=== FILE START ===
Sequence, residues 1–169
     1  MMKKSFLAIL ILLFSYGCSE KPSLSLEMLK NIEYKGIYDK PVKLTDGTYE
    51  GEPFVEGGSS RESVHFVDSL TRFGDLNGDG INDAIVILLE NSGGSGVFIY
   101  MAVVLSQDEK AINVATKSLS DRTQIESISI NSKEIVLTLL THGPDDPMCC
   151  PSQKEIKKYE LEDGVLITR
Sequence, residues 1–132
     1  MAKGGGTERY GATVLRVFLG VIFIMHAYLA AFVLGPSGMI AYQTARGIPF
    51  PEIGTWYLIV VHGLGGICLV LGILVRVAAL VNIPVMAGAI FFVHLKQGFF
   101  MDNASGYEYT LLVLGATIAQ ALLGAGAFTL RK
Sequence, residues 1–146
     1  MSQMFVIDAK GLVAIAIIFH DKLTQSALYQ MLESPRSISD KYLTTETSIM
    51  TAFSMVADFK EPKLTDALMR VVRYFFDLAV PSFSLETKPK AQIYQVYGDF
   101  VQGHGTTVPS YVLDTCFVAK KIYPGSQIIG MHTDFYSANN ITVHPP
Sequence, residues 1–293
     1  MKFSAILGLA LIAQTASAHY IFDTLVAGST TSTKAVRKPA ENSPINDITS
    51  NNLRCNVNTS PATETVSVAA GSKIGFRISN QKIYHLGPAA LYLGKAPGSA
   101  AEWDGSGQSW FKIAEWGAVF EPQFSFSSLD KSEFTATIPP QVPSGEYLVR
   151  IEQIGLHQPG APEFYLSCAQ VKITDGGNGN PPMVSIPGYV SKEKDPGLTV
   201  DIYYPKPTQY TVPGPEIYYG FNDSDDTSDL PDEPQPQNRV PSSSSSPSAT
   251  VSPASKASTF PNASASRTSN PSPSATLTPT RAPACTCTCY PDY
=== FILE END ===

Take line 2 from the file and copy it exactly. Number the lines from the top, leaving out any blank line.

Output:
     1  MMKKSFLAIL ILLFSYGCSE KPSLSLEMLK NIEYKGIYDK PVKLTDGTYE